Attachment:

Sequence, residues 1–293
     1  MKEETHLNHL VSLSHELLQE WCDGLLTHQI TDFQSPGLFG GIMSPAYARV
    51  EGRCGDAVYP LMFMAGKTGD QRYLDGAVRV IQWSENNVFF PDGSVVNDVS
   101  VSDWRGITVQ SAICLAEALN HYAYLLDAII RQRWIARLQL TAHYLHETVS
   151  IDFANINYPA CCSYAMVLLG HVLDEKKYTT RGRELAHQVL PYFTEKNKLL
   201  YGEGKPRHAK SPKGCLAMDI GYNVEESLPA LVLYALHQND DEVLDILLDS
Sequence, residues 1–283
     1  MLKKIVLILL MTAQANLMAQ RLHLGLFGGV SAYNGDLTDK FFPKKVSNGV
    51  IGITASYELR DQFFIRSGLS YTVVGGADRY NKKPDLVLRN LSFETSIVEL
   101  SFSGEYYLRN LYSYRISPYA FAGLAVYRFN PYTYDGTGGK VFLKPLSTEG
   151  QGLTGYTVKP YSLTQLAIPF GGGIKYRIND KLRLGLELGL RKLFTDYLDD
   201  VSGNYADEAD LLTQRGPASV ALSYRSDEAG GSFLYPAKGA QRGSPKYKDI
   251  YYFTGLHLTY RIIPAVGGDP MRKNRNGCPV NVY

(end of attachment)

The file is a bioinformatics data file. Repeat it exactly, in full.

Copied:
Sequence, residues 1–293
     1  MKEETHLNHL VSLSHELLQE WCDGLLTHQI TDFQSPGLFG GIMSPAYARV
    51  EGRCGDAVYP LMFMAGKTGD QRYLDGAVRV IQWSENNVFF PDGSVVNDVS
   101  VSDWRGITVQ SAICLAEALN HYAYLLDAII RQRWIARLQL TAHYLHETVS
   151  IDFANINYPA CCSYAMVLLG HVLDEKKYTT RGRELAHQVL PYFTEKNKLL
   201  YGEGKPRHAK SPKGCLAMDI GYNVEESLPA LVLYALHQND DEVLDILLDS
Sequence, residues 1–283
     1  MLKKIVLILL MTAQANLMAQ RLHLGLFGGV SAYNGDLTDK FFPKKVSNGV
    51  IGITASYELR DQFFIRSGLS YTVVGGADRY NKKPDLVLRN LSFETSIVEL
   101  SFSGEYYLRN LYSYRISPYA FAGLAVYRFN PYTYDGTGGK VFLKPLSTEG
   151  QGLTGYTVKP YSLTQLAIPF GGGIKYRIND KLRLGLELGL RKLFTDYLDD
   201  VSGNYADEAD LLTQRGPASV ALSYRSDEAG GSFLYPAKGA QRGSPKYKDI
   251  YYFTGLHLTY RIIPAVGGDP MRKNRNGCPV NVY